Android-based phones and tablets, on the other hand, use an open operating system developed by Google. Anyone can modify the Android code to create their own version, and many companies and hackers have. The Android marketplace is open; there is no review required before an app can be offered.
And so now there are many more versions of Android phones, offering innovative features unavailable on the iPhone, and many of the Android phones are less expensive, work with more carriers, etc. Sound familiar?
But not all apps will run on all Android phones, and some believe Google made a mistake by letting standards get out of control. Sound familiar?
Android-based phones are now outselling the iPhone. The Android-based tablet market, just getting its footing this year, eventually will be the same story vs. the iPad.
Does Apple welcome this innovation? Taking advantage of a dysfunctional U.S. Patent Office, Apple is taking on manufacturers with patent infringement suits worldwide, for everything from the simple concept of a tablet computer (first shown in the 1968 film 2001: A Space Odyssey) to the idea of swiping across a screen to unlock a phone or tablet.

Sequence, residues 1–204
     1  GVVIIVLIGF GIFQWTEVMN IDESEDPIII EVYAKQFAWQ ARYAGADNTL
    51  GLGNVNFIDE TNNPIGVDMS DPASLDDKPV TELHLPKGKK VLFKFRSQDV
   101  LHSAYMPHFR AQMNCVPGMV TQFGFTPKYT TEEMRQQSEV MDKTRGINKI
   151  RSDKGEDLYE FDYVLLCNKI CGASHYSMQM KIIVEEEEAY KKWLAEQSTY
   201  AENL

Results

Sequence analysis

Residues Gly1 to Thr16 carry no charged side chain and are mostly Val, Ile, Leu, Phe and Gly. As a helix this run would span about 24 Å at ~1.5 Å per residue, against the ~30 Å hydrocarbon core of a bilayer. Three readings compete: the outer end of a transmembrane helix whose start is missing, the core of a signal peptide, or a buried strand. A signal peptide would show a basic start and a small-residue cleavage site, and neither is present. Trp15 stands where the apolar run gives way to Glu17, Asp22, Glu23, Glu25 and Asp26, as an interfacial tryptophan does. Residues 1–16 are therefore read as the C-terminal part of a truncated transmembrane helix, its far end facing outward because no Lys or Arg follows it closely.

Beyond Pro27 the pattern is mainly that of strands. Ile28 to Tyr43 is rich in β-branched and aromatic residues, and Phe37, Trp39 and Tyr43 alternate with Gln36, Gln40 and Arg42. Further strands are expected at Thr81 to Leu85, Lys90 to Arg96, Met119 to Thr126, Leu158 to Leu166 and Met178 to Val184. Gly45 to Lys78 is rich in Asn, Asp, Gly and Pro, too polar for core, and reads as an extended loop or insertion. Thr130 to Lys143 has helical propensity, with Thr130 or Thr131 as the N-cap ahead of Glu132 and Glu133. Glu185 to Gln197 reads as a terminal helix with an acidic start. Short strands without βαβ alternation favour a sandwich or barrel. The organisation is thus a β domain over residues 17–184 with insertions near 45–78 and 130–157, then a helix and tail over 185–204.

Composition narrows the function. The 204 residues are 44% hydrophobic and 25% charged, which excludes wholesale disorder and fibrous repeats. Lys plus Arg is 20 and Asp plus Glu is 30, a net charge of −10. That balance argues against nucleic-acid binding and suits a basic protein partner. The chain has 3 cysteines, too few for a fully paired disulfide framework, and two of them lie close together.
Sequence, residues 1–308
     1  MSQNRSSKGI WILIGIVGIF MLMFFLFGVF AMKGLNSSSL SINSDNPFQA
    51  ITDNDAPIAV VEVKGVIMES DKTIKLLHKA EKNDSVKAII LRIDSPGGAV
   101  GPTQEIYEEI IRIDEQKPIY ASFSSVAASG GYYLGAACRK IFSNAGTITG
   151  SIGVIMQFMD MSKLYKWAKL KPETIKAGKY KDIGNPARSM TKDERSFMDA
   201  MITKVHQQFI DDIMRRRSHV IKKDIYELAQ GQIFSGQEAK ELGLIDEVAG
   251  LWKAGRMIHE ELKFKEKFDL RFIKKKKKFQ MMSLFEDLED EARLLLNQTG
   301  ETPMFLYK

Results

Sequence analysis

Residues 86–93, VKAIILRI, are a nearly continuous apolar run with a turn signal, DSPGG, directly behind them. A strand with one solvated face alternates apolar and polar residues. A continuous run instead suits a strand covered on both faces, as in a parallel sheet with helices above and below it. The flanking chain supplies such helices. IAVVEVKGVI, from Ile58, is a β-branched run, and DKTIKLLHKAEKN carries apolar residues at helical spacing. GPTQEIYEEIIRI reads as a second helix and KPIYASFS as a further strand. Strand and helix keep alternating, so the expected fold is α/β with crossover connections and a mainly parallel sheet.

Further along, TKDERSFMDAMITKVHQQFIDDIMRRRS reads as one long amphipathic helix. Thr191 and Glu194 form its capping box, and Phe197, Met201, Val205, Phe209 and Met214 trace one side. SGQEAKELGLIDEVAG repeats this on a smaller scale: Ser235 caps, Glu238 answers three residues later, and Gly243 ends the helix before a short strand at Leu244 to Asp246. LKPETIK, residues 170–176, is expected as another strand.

It’s unlikely Apple will win in most cases, and in cases where Apple does win, it won’t be long before its competitors find work-arounds that are judged original.
Some see Apple’s actions as an effort to quash innovation, and there has even been speculation that the main reason Google bought Motorola Mobility for $12.5 billion on Aug. 15 was to obtain Motorola’s patents as a defense in case it is sued.
The digital world today would not be nearly as advanced, as innovative and as fun were it not for Steve Jobs and Apple. Conversely, the digital world today would not be nearly as varied, as flexible and as affordable were it not for Apple’s competitors and the open-source/open-architecture community that is Apple’s antithesis.